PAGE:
A moment of compassion during a visit to a farm of a friend bought a tear to my eye and reminded me there are good people and good deeds done in the world.
As I am on a couple of weeks holidays at home he invited me out to his property where photo opportunities abound.
He took me on a tour and introduced me to the locals, his merino dorper cross flock of sheep which he breeds for meat rather than wool and some Black Angus cattle before the 4pm arrival of the truck he was loading up with barley grain. In the meantime, he indulged me by letting me wander around some old buildings and machinery photographic gems.
As we were trekking across a field to one such tired and crumbling building, the first double brick house built in the district back in the late 50 to early 60’s, my keen eyed friend spotted a small bearded dragon lizard on top of the tall grass so he picked it up; as you do apparently.
I’m no authority on lizards but even I know they hibernate in winter and for this little critter to be so desperate to attempt to find warmth in the sun on a cold winter day something has to be wrong. Without saying a word my friend wrapped it in his work scarred hand in an attempt to warm it up and proceeded on our walk.
Now you have to bear in mind during my mini tour we came across carcasses in different stages of decay. Most were ewes who died lambing in hill paddocks. I’ve been around farmers long enough to know some losses are expected and wasn’t surprised by his dismissal of the death and strong reassurance that predators were not involved. This is why I found his concern for the lizard curious.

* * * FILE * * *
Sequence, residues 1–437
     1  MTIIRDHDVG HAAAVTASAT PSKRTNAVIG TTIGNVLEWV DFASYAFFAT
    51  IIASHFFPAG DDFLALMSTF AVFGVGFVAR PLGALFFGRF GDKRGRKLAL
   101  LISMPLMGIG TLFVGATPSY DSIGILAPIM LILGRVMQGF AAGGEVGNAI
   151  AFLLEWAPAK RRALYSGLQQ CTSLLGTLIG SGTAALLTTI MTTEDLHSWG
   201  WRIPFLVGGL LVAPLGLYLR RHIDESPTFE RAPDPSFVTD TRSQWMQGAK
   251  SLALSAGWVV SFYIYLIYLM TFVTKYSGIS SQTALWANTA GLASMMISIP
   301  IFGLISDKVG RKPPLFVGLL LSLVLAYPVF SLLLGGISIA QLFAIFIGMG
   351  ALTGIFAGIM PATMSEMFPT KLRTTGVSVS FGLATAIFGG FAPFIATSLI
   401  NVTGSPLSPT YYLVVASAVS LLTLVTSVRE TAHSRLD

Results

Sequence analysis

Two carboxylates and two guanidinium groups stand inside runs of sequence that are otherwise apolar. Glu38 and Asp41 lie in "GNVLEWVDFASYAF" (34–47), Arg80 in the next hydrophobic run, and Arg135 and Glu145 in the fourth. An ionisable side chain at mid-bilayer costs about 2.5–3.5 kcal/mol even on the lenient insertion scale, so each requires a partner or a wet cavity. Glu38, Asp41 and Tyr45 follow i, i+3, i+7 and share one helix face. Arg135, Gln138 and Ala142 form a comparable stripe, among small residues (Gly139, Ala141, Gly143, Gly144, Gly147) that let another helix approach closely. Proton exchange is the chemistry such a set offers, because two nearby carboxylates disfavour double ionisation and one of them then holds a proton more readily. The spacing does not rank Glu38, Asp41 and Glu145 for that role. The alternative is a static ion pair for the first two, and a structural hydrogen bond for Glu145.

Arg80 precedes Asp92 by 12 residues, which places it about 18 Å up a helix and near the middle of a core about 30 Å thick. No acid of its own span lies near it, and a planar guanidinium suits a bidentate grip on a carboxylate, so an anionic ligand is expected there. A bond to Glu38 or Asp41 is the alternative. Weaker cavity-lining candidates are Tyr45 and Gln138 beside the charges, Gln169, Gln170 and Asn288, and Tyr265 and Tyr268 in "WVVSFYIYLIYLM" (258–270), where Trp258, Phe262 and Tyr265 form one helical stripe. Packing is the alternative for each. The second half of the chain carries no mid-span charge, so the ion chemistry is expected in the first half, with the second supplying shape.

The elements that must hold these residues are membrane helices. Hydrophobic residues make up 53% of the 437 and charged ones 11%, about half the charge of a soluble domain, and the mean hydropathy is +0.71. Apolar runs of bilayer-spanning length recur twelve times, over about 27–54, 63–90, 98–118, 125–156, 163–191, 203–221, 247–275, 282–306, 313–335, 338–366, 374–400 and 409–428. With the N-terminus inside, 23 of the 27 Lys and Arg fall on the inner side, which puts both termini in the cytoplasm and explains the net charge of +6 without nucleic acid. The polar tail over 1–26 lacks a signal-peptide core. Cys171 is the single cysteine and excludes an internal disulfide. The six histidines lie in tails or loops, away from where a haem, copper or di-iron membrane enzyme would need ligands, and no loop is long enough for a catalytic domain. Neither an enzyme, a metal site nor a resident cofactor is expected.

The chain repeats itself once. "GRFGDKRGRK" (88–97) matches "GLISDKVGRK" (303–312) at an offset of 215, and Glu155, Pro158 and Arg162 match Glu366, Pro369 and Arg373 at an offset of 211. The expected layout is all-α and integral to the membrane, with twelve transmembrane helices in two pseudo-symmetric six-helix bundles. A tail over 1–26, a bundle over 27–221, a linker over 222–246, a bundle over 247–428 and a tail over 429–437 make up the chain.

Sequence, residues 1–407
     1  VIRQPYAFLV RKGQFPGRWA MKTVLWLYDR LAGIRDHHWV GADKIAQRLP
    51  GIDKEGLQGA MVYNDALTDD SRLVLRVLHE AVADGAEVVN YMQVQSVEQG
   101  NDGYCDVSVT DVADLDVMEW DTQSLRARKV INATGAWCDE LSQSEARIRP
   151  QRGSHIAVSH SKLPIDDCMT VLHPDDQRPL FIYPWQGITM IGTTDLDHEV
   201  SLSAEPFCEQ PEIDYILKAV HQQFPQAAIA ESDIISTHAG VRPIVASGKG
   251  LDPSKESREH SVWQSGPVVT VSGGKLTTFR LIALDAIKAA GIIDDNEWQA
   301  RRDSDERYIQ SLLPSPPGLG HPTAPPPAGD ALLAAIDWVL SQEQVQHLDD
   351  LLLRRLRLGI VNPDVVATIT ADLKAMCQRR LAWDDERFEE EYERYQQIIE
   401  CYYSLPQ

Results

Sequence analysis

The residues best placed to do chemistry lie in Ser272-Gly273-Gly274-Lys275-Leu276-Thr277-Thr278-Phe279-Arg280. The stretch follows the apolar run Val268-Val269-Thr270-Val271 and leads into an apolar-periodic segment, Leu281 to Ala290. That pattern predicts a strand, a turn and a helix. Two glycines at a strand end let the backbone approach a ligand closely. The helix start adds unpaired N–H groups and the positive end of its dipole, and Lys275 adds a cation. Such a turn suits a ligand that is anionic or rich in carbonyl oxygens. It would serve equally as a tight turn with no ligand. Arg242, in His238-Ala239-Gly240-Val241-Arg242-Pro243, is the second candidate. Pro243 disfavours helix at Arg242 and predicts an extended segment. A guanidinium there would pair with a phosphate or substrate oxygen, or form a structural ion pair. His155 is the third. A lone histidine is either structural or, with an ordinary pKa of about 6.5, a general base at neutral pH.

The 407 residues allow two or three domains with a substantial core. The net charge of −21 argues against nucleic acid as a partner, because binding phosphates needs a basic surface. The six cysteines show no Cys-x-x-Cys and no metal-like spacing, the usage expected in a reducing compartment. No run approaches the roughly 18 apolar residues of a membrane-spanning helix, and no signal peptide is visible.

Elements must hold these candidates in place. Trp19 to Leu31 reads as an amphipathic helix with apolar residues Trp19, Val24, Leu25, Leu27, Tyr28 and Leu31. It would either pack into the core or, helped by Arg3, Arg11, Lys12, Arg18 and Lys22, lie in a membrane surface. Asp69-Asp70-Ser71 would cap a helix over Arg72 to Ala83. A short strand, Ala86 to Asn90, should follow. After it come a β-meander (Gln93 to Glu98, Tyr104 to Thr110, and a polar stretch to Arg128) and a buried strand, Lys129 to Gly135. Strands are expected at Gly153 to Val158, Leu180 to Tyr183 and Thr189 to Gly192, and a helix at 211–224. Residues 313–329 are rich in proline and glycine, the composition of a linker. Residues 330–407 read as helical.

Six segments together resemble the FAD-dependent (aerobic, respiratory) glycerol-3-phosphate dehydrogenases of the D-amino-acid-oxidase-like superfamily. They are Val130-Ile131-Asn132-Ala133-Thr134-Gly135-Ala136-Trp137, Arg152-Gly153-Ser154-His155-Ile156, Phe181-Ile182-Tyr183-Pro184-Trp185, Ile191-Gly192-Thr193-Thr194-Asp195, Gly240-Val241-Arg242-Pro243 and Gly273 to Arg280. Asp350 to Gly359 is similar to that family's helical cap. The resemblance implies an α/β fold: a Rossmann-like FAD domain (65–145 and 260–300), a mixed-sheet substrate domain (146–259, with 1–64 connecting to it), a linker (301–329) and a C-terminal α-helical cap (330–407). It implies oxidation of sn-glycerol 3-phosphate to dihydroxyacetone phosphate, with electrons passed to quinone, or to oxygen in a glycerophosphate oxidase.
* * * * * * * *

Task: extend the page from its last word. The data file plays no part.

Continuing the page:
We didn’t make it to the house before he suggested we look at it after the grain is loaded as the truck would be arriving soon.
When we got back to his Toyota ute he tested the temperature of the bonnet and then opened it. He then tested the temperature of the top of the radiator which was still warm so he gently placed the lizard on the warm surface and stroked it with his finger. He was trying to warm it up enough for it to find some food, and hopefully the strength to burrow and hibernate for the winter.
I don’t know why this act surprised me into a small tear but it did. Earlier that afternoon I watched as he hand fed the sheep he had reared from young with Weetbix biscuits and asked if he had any sheep dogs to help with the flock. He doesn’t, he said having their trust made handling them easier.
The hand raised sheep, all of which have names, come when they are called and I watched with amusement as they followed him along an embankment track as if he was playing a flute only they and the rest of the flock could hear. Don’t for a second think this is a hobby farm, it is a profit making producer of meat for one of Australia’s major supermarket chains as well as producing barley, wheat and canola crops.
He does eat lamb meat but he can’t bring himself to buy it from the supermarket chain he sells to.
He is a patient man who travelled the world extensively before settling down and finally realising his dream of owning land near the hills he grew up around.
I’ve known him for almost 40 years as a kind and caring person, always willing to help and ask nothing in return. He is a bugger to buy presents for because he doesn’t want for possessions but he does have a chocolate habit that a diagnosis of type two diabetes by his doctor brought him the closest to tears I’ve ever seen him.
I met him when I was in my early teens. I only got to know him because he was interested in my sister and he treated me like his kid sister in the process. He would be the most genuine and caring male I know, other than my dad, and although my sister didn’t choose him to spend her life with he has always remained a friend and big brother to me. I am thankful for that.